Repressed for over six decades, they often seem to be a forgotten minority in China. A recent report on the human rights abuses against the Uyghur people provides an exhaustive and meticulous account of how the Chinese communist authorities currently control and restrict their religious practices and culture.
Uyghurs are a minority group mainly based in the Xinjiang Autonomous Region; they practice what the report calls a “moderate form of Islam,” and their Islamic faith is a defining part of their cultural identity. The new report is published by the Uyghur Human Rights Project, a research and advocacy group based in Washington.
An example of how the Communist Party deals with Uyghurs took place on May 10, 2009, when the police burst in on a gathering of seven Uyghur university students, who had met to discuss religious issues, according to the report. A number of them were sent to 15 days of detention and given hefty fines, while two of them, aged 27 and 24, have been in detention since mid-2009. No one has heard from them or knows where they are.
The Chinese regime also restricts what might otherwise be mundane lifestyle choices—such as how long to grow one’s beard, or whether or not to not eat at certain times of the day. Both practices have religious meaning for Uyghurs; the authorities ban them.
Religious leaders are given what the Party calls “political education,” a process that may be otherwise termed brainwashing, where they are made to study and recite Communist Party doctrines. Copies of the Koran, the religious text of Islam, are illegal, and only versions of the text that have been approved and presumably altered by the authorities are allowed for preaching.
Many of the restrictions and abuses identified by the Association stem from a law created by the regime in 2005, called the Religious Affairs Regulations. “The regulations are the most comprehensive attempt by the Chinese government to regulate religious practice in history,” they write.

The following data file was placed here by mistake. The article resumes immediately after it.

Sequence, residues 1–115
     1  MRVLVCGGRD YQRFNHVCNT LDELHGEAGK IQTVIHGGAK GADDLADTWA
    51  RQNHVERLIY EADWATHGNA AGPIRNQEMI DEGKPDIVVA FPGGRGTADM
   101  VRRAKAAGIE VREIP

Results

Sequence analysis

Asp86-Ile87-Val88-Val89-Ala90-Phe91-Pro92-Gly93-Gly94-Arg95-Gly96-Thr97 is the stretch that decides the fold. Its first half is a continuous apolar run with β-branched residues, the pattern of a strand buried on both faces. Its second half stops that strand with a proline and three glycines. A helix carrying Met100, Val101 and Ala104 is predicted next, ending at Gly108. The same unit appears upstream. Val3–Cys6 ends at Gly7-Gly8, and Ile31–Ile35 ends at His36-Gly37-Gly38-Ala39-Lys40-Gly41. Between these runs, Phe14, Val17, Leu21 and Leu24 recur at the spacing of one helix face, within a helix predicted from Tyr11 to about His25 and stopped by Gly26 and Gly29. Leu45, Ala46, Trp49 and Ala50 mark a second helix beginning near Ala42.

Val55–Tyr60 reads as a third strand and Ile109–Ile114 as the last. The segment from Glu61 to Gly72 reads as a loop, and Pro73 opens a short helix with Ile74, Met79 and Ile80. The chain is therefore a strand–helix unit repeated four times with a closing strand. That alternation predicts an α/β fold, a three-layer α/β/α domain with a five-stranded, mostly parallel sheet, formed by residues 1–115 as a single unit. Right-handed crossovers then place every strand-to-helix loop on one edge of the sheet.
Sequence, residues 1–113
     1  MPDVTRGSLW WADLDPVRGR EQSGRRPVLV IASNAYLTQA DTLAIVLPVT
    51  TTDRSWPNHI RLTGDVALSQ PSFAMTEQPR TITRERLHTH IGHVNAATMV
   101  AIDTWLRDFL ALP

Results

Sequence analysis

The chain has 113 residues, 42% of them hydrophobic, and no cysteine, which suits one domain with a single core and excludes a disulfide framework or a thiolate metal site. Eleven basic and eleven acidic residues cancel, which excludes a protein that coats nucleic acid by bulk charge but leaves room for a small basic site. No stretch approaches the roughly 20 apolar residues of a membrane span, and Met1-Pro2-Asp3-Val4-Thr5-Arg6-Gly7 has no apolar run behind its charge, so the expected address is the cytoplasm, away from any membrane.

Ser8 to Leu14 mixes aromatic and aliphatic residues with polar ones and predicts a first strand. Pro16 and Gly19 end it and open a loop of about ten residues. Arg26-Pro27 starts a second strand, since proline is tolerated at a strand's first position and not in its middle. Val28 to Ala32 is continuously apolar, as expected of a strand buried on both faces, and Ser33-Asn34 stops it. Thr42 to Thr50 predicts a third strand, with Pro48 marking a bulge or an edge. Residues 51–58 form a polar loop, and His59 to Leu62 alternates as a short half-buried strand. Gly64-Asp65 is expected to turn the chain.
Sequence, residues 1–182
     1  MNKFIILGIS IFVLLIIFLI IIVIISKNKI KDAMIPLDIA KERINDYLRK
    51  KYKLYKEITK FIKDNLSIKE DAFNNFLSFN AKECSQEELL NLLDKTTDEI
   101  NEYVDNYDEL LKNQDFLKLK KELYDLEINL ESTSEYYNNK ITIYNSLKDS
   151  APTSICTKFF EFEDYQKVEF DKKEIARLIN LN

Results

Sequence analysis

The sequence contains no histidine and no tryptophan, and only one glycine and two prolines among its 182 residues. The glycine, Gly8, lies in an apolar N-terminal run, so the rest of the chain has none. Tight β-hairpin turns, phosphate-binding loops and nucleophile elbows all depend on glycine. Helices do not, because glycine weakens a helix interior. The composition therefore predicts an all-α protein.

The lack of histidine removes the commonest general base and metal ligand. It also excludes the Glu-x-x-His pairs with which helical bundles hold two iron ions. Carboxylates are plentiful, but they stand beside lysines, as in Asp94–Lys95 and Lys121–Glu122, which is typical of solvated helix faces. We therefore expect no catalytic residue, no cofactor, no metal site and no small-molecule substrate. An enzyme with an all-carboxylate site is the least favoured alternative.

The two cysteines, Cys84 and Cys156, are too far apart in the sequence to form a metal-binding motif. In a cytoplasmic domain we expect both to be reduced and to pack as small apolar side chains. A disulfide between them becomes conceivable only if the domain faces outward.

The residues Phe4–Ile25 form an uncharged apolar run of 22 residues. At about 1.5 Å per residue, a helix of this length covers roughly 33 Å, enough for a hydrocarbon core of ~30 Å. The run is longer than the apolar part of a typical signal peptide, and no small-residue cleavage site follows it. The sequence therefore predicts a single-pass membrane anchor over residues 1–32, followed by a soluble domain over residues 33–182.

Those laws stemmed from a shift in state propaganda about the need to repress Uyghurs, which took place after the September 11, 2001 attacks in the United States. Previous to that, there were laws specifically to restrict Uyghur activities, and “Strike Hard” law enforcement campaigns were routinely launched. After Sept. 11, Uyghurs were called terrorists, and Uyghurs became part of the “three evil forces” of “separatism, religious extremism, and terrorism.”
The web of laws created by the authorities “have had the effect of criminalizing peaceful religious practices among Uyghurs on par with illicit and violent activity,” the authors say.
Before the restrictions on Uyghur religious activities were codified and parceled as a national security matter, there was a history of less regulated suppression by communist authorities.
Before being conquered by the People’s Liberation Army in 1949, the Second East Turkistan Republic, as it was called then, was a large, independent country. After the conquest, Uyghurs reported severe human rights violations, including having their territory used for open-air nuclear tests, which they claim led to widespread deaths and cancer. Uyghurs are also believed to have been a testing ground for human organ harvesting beginning in the 1990s, before the practices were applied to Falun Gong prisoners of conscience, according to the research of Ethan Gutmann.
The authors say that their report, “Sacred Right Defiled,” is “the first systematic documentation of the repression of Uyghur religion published by a human rights group since 2005.”
“China’s highly politicized criminal-legal system, as well as the state apparatus governing and monitoring religion, have ensured a strict interpretation and implementation of often vaguely worded religious regulation in East Turkestan,” the report says. “In effect, the bodies established by the Chinese state to oversee religious affairs and administration in China do little to protect religious believers, but assist the government’s repression of religious freedom by helping to formulate and promote restrictive regulations.”
For those that defy the authorities in the practice of their religion, jail awaits, the report says.